Trending in Money

1 The Best Ways to Save Money Even Impulsive Spenders Can Get Behind 2 How to Answer the Tough Question: What are Your Salary Requirements? 3 How Personal Finance Software Helps You Get More Out of Your Money 4 The Definitive Guide to Get Out of Debt Fast (And Forever) 5 35 Real Ways to Actually Make Money Online

Read Next

Advertising
Advertising

Published on November 20, 2018

The Best Ways to Save Money Even Impulsive Spenders Can Get Behind

The Best Ways to Save Money Even Impulsive Spenders Can Get Behind

The truth is, there are many “money saving guides” online, but most don’t cover the root issue for not saving.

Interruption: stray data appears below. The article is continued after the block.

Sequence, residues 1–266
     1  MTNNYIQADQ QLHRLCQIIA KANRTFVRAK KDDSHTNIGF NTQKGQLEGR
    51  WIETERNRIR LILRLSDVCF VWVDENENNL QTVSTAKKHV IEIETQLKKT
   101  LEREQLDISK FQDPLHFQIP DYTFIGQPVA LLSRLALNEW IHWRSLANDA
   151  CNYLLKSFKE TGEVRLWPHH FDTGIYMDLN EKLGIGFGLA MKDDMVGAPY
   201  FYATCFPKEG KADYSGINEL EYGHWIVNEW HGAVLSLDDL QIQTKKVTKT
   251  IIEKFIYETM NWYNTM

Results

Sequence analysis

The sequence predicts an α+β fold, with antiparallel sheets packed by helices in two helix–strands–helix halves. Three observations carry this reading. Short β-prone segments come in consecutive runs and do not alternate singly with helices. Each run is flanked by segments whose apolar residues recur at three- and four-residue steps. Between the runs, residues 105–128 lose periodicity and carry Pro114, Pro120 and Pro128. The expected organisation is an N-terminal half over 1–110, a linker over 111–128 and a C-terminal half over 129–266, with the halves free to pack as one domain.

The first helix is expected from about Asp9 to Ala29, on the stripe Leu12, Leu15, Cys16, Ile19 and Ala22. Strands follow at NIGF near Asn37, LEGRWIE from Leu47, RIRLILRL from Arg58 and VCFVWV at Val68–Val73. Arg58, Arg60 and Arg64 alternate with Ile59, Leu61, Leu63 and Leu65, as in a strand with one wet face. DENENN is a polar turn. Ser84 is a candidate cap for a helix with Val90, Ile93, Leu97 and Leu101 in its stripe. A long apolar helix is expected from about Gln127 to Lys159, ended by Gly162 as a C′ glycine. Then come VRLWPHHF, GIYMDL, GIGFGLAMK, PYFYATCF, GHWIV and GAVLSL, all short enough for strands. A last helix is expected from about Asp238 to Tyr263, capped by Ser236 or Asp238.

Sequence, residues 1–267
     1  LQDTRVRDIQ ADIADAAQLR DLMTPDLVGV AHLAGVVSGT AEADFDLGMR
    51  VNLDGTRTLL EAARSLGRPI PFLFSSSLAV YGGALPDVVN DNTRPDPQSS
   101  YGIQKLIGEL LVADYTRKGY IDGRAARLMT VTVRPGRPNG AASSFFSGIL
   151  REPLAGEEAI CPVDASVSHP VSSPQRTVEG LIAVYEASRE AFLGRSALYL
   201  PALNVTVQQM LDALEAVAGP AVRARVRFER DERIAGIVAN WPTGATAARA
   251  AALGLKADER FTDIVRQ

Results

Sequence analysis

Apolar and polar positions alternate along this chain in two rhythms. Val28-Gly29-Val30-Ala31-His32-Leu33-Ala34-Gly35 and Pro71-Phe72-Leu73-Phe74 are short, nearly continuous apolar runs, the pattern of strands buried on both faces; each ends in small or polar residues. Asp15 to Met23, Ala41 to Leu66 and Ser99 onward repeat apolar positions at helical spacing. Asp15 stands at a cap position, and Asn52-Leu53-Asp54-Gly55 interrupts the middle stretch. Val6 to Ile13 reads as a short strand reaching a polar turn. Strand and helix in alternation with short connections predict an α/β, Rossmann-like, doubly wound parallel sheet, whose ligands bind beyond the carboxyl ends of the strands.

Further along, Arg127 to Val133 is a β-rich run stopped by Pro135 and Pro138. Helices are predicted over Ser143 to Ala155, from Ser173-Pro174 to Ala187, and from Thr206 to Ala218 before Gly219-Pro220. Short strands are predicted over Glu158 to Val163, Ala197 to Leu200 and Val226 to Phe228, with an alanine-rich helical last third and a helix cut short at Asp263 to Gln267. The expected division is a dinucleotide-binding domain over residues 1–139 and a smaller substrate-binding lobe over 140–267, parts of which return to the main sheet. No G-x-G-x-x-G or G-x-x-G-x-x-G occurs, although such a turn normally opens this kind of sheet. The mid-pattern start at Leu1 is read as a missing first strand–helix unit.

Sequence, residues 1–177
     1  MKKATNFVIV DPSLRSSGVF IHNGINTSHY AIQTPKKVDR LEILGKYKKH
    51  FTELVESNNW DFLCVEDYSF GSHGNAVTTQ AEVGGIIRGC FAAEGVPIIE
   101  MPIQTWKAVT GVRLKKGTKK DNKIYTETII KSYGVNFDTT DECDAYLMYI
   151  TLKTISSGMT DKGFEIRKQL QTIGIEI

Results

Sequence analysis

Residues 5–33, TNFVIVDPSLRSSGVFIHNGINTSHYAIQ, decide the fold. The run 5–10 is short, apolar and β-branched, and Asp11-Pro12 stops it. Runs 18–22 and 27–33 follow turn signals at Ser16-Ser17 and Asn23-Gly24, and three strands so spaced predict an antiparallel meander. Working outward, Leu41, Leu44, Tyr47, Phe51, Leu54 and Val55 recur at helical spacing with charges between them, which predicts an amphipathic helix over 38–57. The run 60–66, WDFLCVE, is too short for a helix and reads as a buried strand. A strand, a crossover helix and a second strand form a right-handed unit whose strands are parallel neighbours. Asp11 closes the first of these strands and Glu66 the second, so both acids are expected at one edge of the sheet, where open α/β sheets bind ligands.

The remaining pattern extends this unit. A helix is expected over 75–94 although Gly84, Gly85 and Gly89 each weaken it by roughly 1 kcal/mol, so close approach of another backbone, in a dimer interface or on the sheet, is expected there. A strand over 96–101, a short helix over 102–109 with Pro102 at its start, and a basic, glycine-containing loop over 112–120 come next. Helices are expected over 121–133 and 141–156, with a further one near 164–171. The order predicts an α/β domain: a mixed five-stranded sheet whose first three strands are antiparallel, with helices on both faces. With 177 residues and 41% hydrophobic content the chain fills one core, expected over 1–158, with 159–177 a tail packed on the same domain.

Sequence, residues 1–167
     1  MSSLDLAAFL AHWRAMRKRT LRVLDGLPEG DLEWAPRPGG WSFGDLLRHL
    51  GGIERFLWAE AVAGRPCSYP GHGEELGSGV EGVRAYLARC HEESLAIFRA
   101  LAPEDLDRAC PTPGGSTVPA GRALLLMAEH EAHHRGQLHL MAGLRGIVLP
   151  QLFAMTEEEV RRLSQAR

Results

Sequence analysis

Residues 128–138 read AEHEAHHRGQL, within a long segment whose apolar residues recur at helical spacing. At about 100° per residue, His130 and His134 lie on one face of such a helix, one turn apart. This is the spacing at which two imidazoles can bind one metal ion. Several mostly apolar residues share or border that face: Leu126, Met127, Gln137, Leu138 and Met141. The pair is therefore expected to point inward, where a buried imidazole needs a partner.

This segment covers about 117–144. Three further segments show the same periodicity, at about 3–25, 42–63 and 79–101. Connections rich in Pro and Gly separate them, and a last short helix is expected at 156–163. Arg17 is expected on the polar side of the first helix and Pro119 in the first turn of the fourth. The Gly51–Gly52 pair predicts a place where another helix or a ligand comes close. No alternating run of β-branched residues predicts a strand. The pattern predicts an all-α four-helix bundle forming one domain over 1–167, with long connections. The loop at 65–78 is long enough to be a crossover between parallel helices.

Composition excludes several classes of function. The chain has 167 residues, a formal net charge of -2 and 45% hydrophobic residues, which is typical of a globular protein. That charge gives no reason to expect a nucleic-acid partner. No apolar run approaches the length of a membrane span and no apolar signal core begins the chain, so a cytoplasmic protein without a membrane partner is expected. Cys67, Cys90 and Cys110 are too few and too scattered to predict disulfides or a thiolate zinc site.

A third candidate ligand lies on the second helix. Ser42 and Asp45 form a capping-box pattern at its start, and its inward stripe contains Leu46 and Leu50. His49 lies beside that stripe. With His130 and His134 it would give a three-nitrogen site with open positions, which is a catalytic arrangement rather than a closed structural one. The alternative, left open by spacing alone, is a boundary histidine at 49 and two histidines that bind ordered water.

Once I’d discovered a few key factors that allowed me to save 10k in one year, I realized why most articles couldn’t help me. The problem is that even with the right strategies you can still fail to save money. You need to have the right systems in place and the right mindset.

In this guide, I’ll cover the best ways to save money — practical yet powerful steps you can take to start saving more. It won’t be easy but with hard work, I’m confident you’ll be able to save more money–even if you’re an impulsive spender.

Why Your Past Prevents You from Saving Money

Are you constantly thinking about your financial mistakes?

If so, these thoughts are holding you back from saving.

I get it, you wish you could go back in time to avoid your financial downfalls. But dwelling over your past will only rob you from your future. Instead, reflect on your mistakes and ask yourself what lessons you can learn from them.